— Feria IV infra Dominica Passionis — Statio ad S. Marcellum —
The charge of blasphemy was hurled against Christ by Caiphas, and, after rending his garments – a ritualistic sign of finality – the high priest left the gathering of the Sanhedrin and the group dispersed leaving Christ to the sport of the soldiers. St. Luke puts it this way: “And the men who had him in custody began to mock him and beat him. And they blindfolded him and kept striking his face, and asking him, saying Prophesy, who is that struck thee?” And many other things they kept saying against him, reviling Him.” (Lk. 22: 63-65) St. Matthew adds that they “spat in his face and buffeted him.” (Mt. 26: 67)
There is hardly another scene in the whole terrible story of the Passion that compares with the one in which mere mortals taunted, mimicked, maltreated, and grossly insulted the veritable Son of God. No artist has ever tried to portray this vicious scene. We have paintings by famous artists of the flagellation, the crowning of thorns, and the crucifixion but none has dared to depict the scene wherein Christ was so basely treated in the home of the high priest Caiphas in the early hours of the morning following His arrest. Not one artist has dared portray men spitting into the adorable face of God. It shocks even one’s imagination to conjure up such a picture. [Father Doyle must not have been aware of the works of Bl. Fra Angelico at St. Mark’s in Florence or he could have seen them as not able to convey how terrible the torturing of Christ was].
The worst criminal would have been given time to rest before his arraignment before the Roman authorities on the morrow. He would have been given bread and water, but not Christ. Small comforts were denied Him. He was bound to a small pillar by iron chains and bound in such a position as not to be able to stand erect or to fall to the hard floor. In His darkened hour in the garden of Olives an angel came to comfort Him, but here, He saw naught but the cruel soldiers mocking and reviling Him. Even His enemies were shut off from Him by the dirty cloth with which He was blindfolded. “Thou dost claim to be a Prophet,” they shouted. “Well, tell us who is striking Thee.” You say You are a king – well, You will be crowned a king tomorrow. All the time they reviled and mocked Him, the soldiers kept striking, kicking, and spitting into His face.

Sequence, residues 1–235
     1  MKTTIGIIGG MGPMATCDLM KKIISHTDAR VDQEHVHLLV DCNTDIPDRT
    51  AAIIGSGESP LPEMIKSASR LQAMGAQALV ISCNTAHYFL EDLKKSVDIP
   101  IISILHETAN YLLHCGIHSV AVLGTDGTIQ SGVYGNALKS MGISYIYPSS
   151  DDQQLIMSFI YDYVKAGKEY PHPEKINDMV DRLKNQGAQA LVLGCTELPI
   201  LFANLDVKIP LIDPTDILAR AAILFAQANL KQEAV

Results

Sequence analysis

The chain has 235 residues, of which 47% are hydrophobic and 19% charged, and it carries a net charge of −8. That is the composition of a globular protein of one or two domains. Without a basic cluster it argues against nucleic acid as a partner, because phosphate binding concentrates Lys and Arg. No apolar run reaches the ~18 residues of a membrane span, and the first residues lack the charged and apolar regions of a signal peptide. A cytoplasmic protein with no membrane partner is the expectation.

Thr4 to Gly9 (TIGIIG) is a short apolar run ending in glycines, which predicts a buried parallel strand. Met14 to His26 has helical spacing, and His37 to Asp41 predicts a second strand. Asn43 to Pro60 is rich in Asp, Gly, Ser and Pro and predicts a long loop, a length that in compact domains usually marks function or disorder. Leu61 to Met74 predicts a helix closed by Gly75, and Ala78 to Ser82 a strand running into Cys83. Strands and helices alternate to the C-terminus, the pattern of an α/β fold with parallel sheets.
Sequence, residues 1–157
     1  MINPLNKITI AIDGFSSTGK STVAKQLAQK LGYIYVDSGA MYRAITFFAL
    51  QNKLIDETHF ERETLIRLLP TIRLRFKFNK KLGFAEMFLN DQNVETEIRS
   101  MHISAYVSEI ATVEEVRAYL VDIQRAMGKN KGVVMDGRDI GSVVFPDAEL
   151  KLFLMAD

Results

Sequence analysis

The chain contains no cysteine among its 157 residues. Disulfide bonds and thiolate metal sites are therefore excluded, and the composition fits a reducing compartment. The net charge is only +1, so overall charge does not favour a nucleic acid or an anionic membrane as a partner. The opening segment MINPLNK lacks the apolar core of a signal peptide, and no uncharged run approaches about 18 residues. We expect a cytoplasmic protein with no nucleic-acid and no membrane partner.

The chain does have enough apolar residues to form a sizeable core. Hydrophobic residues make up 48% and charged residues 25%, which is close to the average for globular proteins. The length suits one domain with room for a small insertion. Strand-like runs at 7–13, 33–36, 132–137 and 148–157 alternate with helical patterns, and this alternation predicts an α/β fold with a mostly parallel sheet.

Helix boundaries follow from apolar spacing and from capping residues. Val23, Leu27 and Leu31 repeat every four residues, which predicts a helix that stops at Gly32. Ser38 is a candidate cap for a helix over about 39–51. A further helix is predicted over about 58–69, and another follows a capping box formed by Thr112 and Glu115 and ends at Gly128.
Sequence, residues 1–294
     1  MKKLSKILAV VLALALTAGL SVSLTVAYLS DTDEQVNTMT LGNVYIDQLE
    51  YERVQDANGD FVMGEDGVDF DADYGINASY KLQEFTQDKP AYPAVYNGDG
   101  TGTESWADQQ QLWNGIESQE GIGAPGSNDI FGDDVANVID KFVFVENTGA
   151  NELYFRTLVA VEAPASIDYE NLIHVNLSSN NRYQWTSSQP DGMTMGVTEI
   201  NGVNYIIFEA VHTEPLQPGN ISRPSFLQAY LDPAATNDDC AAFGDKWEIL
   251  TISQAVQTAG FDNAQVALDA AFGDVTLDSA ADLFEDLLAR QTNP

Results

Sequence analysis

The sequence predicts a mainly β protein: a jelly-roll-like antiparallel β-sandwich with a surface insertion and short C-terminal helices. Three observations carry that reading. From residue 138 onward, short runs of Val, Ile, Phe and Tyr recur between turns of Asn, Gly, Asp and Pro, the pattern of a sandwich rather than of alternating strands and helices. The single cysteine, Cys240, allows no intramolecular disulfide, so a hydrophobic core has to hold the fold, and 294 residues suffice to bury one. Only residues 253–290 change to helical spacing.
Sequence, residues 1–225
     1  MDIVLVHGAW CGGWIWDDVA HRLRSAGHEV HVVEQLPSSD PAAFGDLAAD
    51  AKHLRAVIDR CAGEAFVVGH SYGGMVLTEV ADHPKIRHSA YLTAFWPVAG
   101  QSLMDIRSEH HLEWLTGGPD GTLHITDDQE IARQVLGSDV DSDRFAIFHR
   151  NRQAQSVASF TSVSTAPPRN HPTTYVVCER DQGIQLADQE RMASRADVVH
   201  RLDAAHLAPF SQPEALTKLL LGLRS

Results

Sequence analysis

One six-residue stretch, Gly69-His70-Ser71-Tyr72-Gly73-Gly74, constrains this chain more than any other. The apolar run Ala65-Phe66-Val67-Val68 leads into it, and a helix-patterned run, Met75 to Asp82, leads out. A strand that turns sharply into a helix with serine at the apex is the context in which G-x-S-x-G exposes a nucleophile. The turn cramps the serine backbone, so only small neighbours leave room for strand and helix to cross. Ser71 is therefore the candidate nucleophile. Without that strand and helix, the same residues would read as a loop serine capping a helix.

Who is it that endures such torments? It is Jesus Christ, the Son of God, at whose birth the angels sang: “Glory to God in the highest,” the same one of whom God the Father said: “This is my beloved Son, in whom I am well pleased” (Mt. 3:17). What has happened that He is so abandoned and so insulted? Let us say here and now that no one compelled Christ to undergo this torment. He offered Himself of His own free will to pay the ransom for your sins and mine. Ask yourself if there is or has ever been anyone who has loved you enough to suffer thus for you? To whom then does your love belong? Christ bore the heavy chains to free us from the galling chains of our passions and sins. He bore a prison sentence that we might be freed from the eternal prison of hell. He endured the spitting in his face to repair for the awful insults men have offered, and do and will offer His eternal Father.
Go to your Christ in His new prison – the tabernacle – and beg pardon for the insults you have heaped on Him by your sins. If you condemn in your heart the foolish men who insulted our Lord during the Passion, think how much worse your insults are since the soldiers were pagans but you are a child of God and a follower of Christ.